The Manics story is bound to small town Wales just as tightly as their music influences were to the iconic cities and Pop moments like The Clash’s London 77, Public Enemy’s New York and Guns ‘n’ Roses LA.

They formed in 86 while James Dean Bradfield, his cousin Sean Moore and Nicky Wire were still at school in Blackwood. Richey Edwards designed the cover of their first single Suicide Alley and would provide lyrics, do the driving and when he eventually joined the band he would mime his guitar parts.

New Art Riot (it even sounds like a Malcolm McClaren/Situationalist quote) was released on Damaged Goods in 1990 and in 1991 Motown Junk was released on Heavenly. Seven inches of sacred cow kicking, from it’s title to the line “I laughed when Lennon was shot”.

The Manics early interviews were shotgun blasts against the world. The band were fiercely and proudly literate. Books, films, history and philosophy were mixed in with Clash style posturing and trousers.

Gigs were 20 minute affairs of confrontation and audience baiting. All other contemporary British bands were fair game for a Manics slagging. The only bands that mattered were Guns ‘n’ Roses and Public Enemy and the Manics line was they were going to make an album as good as Appetite For Destruction, sell out Wembley and then implode.

Even the album sleeve was originally going to be made of both destroy the record inside it and those around it.

They had great ideas, (or at least an exciting rehash of other people’s) great quotes and great song titles like You Love Us, NatwestBarclaysMidlandLloyds. They looked the part too, with their white jeans and spray painted slogans.

Stocky shouter and guitar hammerer Bradfield, Nicky Wire tall and gangly, bass slung low and dangly. Drummer Sean Moore always looked like he would rather be wearing an anorak and anorexic Richey Edwards dressed up as Marilyn Munroe for a video and carved “4 Real” on his arm during an interview forcing the cancellation of a gig at the Barrel Organ. Seventeen stitches worth of sincerity. It’s not a good look.

This was a band careering ahead, in all senses of the word. They weren’t cosying up to the established Indie Press values but they were generating headlines and controversy.

They were shouting about how many records they wanted to sell, but even as they wrote for Kylie and got Porn star Traci Lords to sing on Little Baby Nothing they were still dream material for the music press (after all here’s a band who can actually string a sentence together) and also for any teenage sensitive types who felt different, alienated or indeed as if they might have read a book.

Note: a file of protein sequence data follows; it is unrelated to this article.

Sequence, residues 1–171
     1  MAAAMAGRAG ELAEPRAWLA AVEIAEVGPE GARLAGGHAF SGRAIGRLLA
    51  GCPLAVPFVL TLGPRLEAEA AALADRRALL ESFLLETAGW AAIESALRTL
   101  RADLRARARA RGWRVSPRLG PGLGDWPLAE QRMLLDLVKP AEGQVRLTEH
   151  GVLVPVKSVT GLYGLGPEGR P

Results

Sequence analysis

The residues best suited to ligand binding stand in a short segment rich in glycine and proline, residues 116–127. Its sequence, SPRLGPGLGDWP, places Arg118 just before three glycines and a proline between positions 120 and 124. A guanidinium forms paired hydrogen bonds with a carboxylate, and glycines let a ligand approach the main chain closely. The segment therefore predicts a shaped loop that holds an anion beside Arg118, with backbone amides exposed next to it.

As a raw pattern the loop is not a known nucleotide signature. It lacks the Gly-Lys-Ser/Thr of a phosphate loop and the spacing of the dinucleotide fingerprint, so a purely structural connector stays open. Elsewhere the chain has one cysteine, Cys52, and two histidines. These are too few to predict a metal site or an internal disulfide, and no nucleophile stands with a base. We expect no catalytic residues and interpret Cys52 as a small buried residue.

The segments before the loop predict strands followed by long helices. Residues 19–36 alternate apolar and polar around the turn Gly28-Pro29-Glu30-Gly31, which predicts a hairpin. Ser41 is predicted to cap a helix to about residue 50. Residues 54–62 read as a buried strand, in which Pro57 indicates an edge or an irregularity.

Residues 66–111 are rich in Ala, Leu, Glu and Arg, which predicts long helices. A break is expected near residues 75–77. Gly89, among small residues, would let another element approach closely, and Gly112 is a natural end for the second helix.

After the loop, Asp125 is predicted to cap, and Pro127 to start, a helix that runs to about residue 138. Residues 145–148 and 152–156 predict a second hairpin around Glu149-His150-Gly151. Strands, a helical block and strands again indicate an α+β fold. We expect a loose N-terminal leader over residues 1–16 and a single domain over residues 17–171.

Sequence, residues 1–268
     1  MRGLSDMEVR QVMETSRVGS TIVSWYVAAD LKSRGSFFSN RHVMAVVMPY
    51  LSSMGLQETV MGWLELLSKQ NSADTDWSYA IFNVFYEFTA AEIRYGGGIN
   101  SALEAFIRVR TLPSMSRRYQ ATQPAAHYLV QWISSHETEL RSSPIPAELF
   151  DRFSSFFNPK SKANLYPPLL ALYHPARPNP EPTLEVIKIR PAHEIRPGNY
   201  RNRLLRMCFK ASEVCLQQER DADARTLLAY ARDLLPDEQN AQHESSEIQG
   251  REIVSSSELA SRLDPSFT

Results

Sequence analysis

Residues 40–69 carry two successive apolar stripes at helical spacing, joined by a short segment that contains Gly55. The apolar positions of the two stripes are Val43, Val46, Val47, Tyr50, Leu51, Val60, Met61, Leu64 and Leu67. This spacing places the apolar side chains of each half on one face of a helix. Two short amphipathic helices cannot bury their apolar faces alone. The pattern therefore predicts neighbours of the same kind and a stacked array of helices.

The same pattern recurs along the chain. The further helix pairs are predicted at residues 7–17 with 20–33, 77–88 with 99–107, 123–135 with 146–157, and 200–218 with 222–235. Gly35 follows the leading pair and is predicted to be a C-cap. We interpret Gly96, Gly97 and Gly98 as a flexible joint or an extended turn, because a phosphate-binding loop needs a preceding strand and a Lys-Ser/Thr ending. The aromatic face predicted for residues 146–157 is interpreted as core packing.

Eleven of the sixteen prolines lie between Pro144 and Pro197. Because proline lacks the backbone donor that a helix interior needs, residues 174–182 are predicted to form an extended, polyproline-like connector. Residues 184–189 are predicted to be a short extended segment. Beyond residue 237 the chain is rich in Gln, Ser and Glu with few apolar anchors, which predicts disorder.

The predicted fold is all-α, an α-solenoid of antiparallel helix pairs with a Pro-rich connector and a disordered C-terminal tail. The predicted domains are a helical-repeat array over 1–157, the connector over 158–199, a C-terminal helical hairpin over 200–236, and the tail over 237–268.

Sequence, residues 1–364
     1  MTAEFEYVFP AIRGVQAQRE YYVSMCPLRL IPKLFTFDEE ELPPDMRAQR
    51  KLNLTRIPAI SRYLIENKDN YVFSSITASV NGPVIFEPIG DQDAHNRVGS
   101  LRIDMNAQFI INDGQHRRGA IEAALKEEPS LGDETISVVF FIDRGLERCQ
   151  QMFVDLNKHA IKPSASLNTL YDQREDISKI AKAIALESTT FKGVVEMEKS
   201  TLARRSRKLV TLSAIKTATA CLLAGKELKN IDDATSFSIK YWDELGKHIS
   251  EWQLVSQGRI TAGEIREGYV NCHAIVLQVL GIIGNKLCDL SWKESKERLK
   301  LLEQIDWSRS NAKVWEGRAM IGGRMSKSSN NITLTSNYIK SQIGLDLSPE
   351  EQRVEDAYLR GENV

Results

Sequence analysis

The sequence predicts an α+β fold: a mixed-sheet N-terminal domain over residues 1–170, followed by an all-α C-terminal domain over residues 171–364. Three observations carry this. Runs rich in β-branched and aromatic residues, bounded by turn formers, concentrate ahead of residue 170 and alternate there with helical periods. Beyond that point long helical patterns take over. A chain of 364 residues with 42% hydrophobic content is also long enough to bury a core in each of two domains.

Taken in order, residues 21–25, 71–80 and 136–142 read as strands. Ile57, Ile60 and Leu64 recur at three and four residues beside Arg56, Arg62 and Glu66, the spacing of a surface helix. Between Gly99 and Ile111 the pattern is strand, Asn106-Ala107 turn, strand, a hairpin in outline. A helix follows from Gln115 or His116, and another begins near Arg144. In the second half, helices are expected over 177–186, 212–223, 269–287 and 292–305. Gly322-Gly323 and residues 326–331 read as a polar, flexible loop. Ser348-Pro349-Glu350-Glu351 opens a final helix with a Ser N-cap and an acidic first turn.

The band from the Welsh bedroom with an eye on the stadium had got all bases covered, bedroom Metal heads and bedroom poets.

The first album was released in 1992. Generation Terrorists was sprawling, chaotic Punky Metal with some surprisingly MOR touches. That’s the thing with the band, despite their Stormtrooper interviews there have always been those blander moments.

On Motorcycle Emptiness for example there’s the full Gun ‘n’ Roses guitar wig out but underneath it there is the stuttering drum pattern that all the Indie Dance Acts of the time were using and a piano cascade that sounds like the Baywatch theme tune.

1993’s Gold Against The Soul has got From Despair To Where. Released as a single it hits the G ‘n’R target straight on. It’s got ambition, a great title, soaring riff, terrific vocal (helped by the fact that it’s not Axl Rose) and a massive orchestra. The other single La Tristesse Durera is based on a Van Gogh quote and has a really tight focused sound under a powerful vocal.

The Holy Bible came out in 94 as Richey’s health and personal problems developed into full blown Unhappy Bunny Syndrome and he was admitted to The Priory for treatment for anorexia and alcoholism. (When he took a razorblade to his arm was he actually trying to write “4 Real Ale”?)

He supplied the majority of the albums lyrics and titles such as 4st 7lbs, She is Suffering, The Intense Humming Of Evil, Of Walking Abortion, Mausoleum and Archives Of Pain have been cropping up as radio requests for swoony lovers ever since.

The band appeared on Top Of The Pops to promote Faster. The unlikeliness of the opening line as Bradfield barks “I am an architect” made more surreal given the fact that he was wearing a paramilitary style balaclava.

Richey Edwards disappeared on February 1st 1995 leaving his car near the Severn Bridge and has not been seen since. On a Pop History level, the whole Richey saga, his personality, disappearance and resonance with the more damaged elements of their fanbase, just adds to the uniqueness of The Manic Street Preachers as a Pop proposition

The band came back in 1996 with the Everything Must Go album, containing 4 of Edwards’s lyrics and the anthemic A Design For Life. You’ve got to love a song with the opening line “Libraries gave us power.”

For many people the subsequent albums This Is My Truth Tell Me Yours (1998), Know Your Enemy (2001) and Lifeblood (2004) have been less impressive.

However the Spanish Civil War single If You Tolerate This Your Children Will Be Next reached number 1 in the Pop Charts in 1998. Just say that sentence again...that’s why the Manics are a good thing...they’ve got lyrical ambition and are not being constrained by a Pop formula or subject matter. In 2000 the limited edition instantly deleted single Masses Against The Classes also reached number one. Both Bradfield and Wire released solo albums last year.